John Westmore has posted a new episode in his great Perils for Pedestrians series, this time focusing on walking and biking in the City of Bratislava, Slovakia.
While pedestrian and bicycle advocacy is relatively new to Slovakia, there seems to be a strong and growing group of advocates who are working to make public spaces more accessible on foot and by bike. They've created some ad-hoc sharrows and DIY crossings to help provide safer and more direct routes to people using active transportation in the city.
I actually spent a day in Bratislava several years ago, and found it to be fairly walkable (as compared to most cities in the US, that is). You can see that there are many spaces in the central part of the city where pedestrians have full reign in the street space.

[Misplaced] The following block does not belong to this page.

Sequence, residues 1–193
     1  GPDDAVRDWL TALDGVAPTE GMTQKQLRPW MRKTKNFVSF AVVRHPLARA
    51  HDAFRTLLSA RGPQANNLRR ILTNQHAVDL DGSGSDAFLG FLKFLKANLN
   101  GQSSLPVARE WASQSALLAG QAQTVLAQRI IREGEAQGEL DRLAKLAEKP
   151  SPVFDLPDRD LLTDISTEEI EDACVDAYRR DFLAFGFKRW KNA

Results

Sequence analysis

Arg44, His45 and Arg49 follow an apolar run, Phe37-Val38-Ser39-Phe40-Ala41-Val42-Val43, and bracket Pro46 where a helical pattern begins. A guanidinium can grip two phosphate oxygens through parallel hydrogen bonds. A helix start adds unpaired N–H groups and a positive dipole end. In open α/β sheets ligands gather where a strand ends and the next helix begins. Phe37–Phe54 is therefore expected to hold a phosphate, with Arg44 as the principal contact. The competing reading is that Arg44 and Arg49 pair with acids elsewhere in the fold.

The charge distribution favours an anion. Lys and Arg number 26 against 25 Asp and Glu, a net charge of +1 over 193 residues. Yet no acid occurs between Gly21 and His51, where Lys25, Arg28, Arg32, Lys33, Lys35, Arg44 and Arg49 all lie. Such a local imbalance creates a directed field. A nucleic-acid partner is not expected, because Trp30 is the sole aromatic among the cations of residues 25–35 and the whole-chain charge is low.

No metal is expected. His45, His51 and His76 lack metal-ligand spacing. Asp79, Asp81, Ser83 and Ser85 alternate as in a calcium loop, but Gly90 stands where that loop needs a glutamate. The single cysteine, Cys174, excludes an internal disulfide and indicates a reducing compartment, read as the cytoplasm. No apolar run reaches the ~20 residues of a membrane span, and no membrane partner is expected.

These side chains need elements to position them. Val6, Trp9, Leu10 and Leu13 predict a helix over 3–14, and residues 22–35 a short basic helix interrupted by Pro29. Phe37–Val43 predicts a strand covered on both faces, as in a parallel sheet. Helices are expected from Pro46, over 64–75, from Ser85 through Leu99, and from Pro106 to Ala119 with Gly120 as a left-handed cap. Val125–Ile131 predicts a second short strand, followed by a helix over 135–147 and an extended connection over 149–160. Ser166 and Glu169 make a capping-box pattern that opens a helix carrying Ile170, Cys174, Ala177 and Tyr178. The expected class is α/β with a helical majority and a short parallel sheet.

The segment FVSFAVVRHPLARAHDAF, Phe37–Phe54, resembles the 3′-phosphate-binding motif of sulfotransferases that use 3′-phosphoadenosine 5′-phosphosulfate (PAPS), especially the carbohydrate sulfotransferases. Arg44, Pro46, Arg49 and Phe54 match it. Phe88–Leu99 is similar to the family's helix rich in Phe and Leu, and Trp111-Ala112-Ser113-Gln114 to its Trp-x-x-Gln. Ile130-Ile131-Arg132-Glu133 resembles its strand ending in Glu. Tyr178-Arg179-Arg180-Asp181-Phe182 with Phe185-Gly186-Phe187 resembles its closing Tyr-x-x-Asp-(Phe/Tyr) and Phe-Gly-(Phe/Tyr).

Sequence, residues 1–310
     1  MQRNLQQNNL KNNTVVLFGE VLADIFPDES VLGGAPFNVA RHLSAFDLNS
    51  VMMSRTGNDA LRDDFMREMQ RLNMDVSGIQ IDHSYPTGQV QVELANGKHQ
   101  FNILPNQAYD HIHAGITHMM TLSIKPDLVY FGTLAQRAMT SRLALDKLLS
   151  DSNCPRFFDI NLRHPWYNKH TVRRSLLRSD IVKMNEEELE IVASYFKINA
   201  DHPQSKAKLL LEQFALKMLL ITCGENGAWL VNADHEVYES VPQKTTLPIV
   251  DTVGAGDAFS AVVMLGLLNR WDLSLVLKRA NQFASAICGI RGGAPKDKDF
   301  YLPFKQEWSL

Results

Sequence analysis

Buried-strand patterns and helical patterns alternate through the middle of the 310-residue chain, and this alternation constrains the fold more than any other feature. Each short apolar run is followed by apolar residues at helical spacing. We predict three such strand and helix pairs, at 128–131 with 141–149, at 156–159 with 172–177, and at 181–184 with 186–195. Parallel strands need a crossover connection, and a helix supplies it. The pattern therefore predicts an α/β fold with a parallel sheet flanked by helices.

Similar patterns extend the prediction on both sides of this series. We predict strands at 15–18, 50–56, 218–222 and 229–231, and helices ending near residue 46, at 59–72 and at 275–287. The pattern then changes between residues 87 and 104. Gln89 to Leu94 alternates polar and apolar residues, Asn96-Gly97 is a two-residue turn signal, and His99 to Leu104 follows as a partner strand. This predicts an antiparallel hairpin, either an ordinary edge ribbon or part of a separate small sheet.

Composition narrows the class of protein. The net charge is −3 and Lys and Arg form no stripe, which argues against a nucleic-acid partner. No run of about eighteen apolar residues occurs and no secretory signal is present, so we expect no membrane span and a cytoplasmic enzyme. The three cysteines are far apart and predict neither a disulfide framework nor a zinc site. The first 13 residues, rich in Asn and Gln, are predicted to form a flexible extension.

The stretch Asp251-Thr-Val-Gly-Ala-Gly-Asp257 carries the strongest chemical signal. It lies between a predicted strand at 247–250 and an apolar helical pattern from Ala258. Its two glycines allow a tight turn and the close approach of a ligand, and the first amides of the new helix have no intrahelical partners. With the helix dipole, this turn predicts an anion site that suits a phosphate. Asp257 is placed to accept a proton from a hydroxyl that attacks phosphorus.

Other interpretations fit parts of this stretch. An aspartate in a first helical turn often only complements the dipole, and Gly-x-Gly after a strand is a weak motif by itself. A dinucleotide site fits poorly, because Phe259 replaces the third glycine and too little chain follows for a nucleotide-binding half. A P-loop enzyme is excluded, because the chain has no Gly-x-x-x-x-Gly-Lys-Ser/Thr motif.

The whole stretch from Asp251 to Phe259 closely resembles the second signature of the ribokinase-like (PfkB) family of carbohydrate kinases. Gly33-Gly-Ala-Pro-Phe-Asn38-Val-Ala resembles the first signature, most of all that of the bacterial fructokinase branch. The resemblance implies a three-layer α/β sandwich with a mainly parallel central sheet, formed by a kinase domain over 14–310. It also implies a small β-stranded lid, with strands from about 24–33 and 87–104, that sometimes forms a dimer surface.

There's also a nice pedestrian path along the waterfront, where you'll also find restaurants and shops below (undoubtedly expensive) residential development that takes advantage of the riverfront views.
Of course, there are also the same problems that plague many older (and not so old) cities that were designed prior to the automobile. Sidewalks have been squeezed to the edge of the street and narrowed to unreasonable widths to make room for vehicle traffic, and parked cars block the pedestrian travel way to the extent that people are forced to walk in the street itself.
Given this, it's encouraging to hear local advocates talking about creating more walkable and bikeable streets. I was especially struck by one of the first people interviewed in the segment, who described public space as, "A space where you can see democracy on the sidewalk." I've written before about the idea of sidewalks as democratic spaces, but I think that view is especially poignant when you're talking about sidewalks in a country where most people still remember a time when no place in the country--certainly not the sidewalks--was democratic.